One of the greatest things about the compliance profession is that it is only limited by its collective imagination. If you can think it up, you can probably do it. This has led not only continuing evolution of compliance programs but continuing innovation in the compliance function. As compliance programs evolve and innovate, regulators take note and the cycle becomes almost a continuous feedback loop. One technique new to compliance but squarely in the 360-degree view of communication is internal crowdsourcing, to enlist new ideas from employees, to open new sources of compliance innovation.
Internal corporate crowdsourcing was explored in “Developing Innovative Solutions through Internal Crowdsourcing”, where the authors noted, “It allows employees to interact dynamically with coworkers in other locations, propose new ideas, and suggest new directions to management. Because many large companies have pockets of expertise and knowledge scattered across different locations, we have found that harnessing the cognitive diversity within organizations can open up rich, new sources of innovation. Internal crowdsourcing is a particularly effective way for companies to engage younger employees and people working on the front lines.” They came up with seven key elements companies should use to aid in moving such an effort forward, which apply forcefully to the CCO and compliance practitioner.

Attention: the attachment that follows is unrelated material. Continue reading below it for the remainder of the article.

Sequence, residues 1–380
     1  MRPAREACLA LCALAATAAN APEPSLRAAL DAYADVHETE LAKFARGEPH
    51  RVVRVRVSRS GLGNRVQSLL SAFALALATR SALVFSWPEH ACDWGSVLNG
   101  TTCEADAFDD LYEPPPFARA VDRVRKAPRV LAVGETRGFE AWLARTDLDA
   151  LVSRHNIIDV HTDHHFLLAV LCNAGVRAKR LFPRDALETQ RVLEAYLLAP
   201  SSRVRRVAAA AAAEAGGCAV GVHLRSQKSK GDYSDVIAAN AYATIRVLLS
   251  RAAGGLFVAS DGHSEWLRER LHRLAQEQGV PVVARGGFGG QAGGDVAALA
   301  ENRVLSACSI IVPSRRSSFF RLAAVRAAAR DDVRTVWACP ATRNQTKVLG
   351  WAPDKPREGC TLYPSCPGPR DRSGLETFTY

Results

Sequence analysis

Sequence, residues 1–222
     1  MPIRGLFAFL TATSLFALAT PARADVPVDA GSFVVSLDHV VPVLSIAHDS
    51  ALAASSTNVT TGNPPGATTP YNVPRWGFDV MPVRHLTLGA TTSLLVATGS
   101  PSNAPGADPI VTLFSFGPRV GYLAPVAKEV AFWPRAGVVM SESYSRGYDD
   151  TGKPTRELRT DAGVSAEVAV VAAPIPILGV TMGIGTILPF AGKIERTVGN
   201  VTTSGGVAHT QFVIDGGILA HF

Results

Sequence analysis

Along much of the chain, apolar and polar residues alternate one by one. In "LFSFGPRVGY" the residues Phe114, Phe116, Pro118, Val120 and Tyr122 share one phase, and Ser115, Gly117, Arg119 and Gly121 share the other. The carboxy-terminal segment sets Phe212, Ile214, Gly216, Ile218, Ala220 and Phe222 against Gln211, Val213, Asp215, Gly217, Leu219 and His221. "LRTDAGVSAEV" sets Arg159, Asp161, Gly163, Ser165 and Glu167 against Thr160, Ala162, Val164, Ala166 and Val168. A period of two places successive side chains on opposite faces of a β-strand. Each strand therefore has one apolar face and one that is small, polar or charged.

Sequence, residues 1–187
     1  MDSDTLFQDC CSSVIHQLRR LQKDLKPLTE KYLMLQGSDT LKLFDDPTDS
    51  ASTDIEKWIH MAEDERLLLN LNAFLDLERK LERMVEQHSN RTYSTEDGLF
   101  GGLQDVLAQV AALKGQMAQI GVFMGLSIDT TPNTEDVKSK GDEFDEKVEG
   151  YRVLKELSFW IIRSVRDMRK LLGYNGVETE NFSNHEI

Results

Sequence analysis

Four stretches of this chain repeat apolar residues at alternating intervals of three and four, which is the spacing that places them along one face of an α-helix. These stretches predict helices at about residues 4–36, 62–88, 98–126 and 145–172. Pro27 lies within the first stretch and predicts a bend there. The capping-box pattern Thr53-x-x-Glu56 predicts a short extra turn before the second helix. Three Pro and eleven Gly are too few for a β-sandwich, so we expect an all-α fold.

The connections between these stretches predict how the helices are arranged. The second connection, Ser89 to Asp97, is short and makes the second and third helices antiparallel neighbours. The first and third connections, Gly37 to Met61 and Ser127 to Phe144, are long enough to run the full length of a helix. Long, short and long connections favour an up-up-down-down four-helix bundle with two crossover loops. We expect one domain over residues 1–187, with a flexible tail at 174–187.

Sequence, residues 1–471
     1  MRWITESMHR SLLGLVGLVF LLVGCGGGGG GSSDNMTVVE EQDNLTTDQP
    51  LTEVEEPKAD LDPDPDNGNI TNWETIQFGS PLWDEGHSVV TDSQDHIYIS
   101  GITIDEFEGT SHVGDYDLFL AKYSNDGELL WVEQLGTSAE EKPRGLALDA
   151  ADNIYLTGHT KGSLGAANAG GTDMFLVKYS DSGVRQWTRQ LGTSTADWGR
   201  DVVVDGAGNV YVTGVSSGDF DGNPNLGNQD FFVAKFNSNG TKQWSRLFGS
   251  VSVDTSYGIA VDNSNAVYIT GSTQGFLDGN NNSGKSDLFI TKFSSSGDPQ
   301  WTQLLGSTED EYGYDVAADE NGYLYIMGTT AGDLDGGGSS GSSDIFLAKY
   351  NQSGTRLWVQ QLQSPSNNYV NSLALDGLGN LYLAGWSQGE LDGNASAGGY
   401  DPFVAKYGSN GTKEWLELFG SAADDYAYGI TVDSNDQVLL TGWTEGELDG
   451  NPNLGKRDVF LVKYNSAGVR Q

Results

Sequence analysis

- Keep the focus on innovation. You should use this technique for long-term initiatives and not short-term improvements. Establish the grounds for employee creativity with criteria such as (1) ability to meet employees’ unmet needs, (2) delighting the employee, (3) the solution’s newness, (4) marketability, (5) commercial viability, and (6) scalability.
- Give internal crowdsourcing participants slack time. If your company wants you focused solely and only on your day job, it will, by definition, limit your participation in a company crowdsourcing project to nights and weekends. This may not be when and where you do your best work. Companies must arrange to allow employees the time and space during working hours to participate meaningfully.
- Allow for anonymous participation. Trust is always a key issue in these types of project. Anonymous participation can help build and maintain that trust because when organizational identities are revealed in an internal crowdsourcing project, “some individuals may feel compelled to defend their formal positions.” Companies need to ensure participants “feel safe about contributing knowledge, regardless of their seniority or role in the company.”
- Take steps to ensure that company experts don’t exert their influence too heavily. Internal company experts will have their ideas given additional heft if their identities are known. This can have the unintended effect of intimidating others or lessening their voices in the process. Yet you must work to keep the process open to diverse perspectives, for internal crowdsourcing to produce innovative outcomes. You should have the company’s compliance experts operate as moderators and to do what they can to encourage others to come up with compliance innovations.